As the Italian half-sister to the Marquess of Ralston, Juliana Fiore is no stranger to scandal. True, her habits of bold dress and speaking her mind don't help her situation, nor does having a foreign merchant for a father. But the real scandal of her reputation has little to do with her at all - and everything to do with her mother. And her habits of running out on her children and marriages.
Unable to overcome such a shocking parentage, Juliana soon learns to stop trying to live it down. Why bother when the ton only thinks the worst of her anyway? Especially when the Duke of Leighton is around.
Except the Duke of Disdain hasn't always despised her. In fact he was once just Simon to her. Until he found out who she was, because to Leighton reputation is everything and scandal is the last thing he wants, seeks or needs. But when Juliana challenges him to a wager of passion, even this cold Duke is too human to resist.
After the Excellent Nine Rules to Break When Romancing a Rake and the disappointing Ten Ways to Be Adored When Landing a Lord, I'll admit I was a little nervous about this final part of the St.John siblings' trilogy. Thankfully the first chapter proved me wrong. Juliana (unlike Nick) more than lives up to the promise of the fiery, spirited and slightly insecure young woman seen in the previous books. She's reckless, passionate and fun - especially when her English idioms fail her - but she's also caring and warm.
Which makes her pursuit of Simon slightly perplexing. This is not a man wearing a public mask and behaving totally different in private. He really is the Duke of Disdain, cold, judgemental and arrogant. He doesn't have a softer side - until Juliana turns his life completely upside down. Which means he spends the majority of this book being insufferable and arrogant, confused about just how Juliana keeps getting to him.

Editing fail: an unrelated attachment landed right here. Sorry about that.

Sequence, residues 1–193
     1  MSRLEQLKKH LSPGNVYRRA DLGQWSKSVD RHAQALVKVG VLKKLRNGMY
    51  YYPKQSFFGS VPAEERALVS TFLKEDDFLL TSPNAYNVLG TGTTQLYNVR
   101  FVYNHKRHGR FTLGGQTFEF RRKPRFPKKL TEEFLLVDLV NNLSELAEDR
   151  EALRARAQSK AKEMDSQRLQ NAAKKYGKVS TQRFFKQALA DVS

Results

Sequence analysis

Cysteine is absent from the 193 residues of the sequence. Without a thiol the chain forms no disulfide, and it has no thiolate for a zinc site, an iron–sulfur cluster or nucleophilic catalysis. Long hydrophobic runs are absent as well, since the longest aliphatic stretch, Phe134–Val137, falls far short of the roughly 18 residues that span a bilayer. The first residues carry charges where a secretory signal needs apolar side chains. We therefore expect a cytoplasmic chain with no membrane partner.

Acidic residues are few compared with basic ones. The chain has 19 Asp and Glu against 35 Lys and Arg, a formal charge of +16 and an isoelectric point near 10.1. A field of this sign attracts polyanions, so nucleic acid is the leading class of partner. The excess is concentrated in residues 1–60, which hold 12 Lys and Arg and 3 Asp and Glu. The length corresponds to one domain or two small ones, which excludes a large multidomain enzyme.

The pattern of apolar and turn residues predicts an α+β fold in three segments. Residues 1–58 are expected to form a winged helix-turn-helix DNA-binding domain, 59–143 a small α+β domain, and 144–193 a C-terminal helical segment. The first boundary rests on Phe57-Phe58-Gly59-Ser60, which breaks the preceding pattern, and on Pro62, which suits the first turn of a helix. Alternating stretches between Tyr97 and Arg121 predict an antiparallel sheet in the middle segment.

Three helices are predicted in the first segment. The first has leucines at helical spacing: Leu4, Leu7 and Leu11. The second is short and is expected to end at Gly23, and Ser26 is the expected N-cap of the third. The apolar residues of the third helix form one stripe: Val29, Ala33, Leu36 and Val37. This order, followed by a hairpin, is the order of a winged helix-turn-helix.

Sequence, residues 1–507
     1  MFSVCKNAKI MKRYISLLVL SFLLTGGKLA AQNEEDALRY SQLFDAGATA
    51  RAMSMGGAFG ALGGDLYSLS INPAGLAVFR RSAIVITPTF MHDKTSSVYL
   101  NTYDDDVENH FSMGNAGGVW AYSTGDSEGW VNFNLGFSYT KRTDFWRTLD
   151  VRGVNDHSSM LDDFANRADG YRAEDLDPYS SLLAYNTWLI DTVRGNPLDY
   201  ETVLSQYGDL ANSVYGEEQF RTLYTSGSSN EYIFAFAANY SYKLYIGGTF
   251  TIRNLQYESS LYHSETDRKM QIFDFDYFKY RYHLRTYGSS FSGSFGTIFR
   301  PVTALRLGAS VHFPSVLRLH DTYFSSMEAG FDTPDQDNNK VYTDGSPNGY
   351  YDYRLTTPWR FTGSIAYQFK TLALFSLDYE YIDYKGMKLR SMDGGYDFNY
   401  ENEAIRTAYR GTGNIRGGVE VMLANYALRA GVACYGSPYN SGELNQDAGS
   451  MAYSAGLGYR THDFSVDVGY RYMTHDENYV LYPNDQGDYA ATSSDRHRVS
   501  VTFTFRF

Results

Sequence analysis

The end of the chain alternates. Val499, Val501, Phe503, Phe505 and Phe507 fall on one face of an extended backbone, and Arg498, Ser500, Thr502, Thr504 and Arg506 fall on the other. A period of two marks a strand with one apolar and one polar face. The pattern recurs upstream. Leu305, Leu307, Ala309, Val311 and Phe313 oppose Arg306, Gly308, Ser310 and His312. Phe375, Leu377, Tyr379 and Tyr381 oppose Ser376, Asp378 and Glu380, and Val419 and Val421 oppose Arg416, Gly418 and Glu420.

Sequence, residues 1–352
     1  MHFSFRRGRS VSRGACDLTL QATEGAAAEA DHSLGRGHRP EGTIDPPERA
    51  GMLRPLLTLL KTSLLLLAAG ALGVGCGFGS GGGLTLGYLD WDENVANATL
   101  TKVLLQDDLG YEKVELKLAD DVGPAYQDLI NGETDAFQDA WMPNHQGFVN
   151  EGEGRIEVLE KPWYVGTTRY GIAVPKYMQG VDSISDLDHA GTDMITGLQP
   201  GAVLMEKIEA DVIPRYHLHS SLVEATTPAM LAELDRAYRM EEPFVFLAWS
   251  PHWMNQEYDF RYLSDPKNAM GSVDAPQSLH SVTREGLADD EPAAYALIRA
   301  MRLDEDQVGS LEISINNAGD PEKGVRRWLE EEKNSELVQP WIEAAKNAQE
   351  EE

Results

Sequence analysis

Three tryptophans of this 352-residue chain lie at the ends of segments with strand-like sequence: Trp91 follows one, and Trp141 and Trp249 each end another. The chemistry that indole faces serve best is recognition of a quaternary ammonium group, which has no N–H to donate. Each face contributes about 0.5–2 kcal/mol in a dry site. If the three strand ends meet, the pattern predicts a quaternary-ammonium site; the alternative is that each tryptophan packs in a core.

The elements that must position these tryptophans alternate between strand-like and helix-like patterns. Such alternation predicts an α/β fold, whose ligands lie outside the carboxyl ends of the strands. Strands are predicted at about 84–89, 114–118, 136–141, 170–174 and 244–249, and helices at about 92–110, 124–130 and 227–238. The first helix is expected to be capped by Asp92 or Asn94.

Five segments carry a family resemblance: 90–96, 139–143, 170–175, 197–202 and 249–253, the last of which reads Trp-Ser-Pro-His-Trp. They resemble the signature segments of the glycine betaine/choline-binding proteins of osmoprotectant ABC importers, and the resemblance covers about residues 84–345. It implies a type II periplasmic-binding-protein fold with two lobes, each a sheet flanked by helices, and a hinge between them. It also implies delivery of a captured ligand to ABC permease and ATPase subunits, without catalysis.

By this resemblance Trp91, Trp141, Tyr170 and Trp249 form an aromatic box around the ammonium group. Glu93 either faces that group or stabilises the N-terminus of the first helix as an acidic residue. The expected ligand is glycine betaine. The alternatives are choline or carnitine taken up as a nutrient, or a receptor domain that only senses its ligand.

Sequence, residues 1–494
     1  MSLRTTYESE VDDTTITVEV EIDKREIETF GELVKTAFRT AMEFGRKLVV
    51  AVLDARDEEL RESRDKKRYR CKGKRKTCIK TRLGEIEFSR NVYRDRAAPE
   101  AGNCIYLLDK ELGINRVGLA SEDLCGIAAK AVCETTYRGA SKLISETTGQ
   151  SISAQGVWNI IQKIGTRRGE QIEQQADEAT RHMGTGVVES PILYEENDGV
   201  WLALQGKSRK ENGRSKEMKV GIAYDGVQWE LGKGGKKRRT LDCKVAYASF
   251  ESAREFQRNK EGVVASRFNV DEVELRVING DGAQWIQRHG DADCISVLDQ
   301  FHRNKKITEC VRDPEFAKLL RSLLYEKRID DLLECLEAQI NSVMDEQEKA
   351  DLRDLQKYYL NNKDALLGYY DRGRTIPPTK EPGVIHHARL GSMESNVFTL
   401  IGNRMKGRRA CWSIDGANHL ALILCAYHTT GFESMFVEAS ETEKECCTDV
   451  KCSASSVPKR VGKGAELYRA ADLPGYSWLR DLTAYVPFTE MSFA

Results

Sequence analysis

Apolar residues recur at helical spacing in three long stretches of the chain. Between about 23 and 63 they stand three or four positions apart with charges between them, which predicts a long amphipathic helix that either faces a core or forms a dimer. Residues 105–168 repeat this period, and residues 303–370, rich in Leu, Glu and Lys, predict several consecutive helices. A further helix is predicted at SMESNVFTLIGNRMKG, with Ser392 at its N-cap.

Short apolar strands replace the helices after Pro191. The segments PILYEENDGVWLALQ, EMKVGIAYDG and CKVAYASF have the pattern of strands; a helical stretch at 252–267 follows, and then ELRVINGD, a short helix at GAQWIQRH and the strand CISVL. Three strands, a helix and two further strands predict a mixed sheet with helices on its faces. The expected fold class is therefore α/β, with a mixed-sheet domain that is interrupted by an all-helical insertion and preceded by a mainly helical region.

Set in the heart of the London ton there's plenty of scope for fun and farce - except this isn't the jubilant romp of Nine Ways.... Instead it's an elitist, catty place where Juliana faces more humiliation than humour. At least she has the support of sister-in-law Callie and new duchess Mariana, else this would be too bleak to bear.
Although I'm not sure what Juliana wanted to achieve with her challenge, and I'll admit I did grow bored of the constant superiority/inferiority complexes, conversations and arguments, this is a definite improvement on Ten Ways.... In all it's a fairly decent historical tale, with nothing too objectionable or memorable. Good, with hints of greatness, it just lacks the overall sparkle that MacLean is capable of. 3.5 stars.
I absolutely loved "Nine rules to break when romancing a rake", the first in this series from MacLean, and was hugely disappointed with "ten ways to be adored when landing a lord" so I bought this on a whim really. I was eager to get back to London and Ralston & Calle (from the first book), and wanted to see Juliana bring Leighton to heel!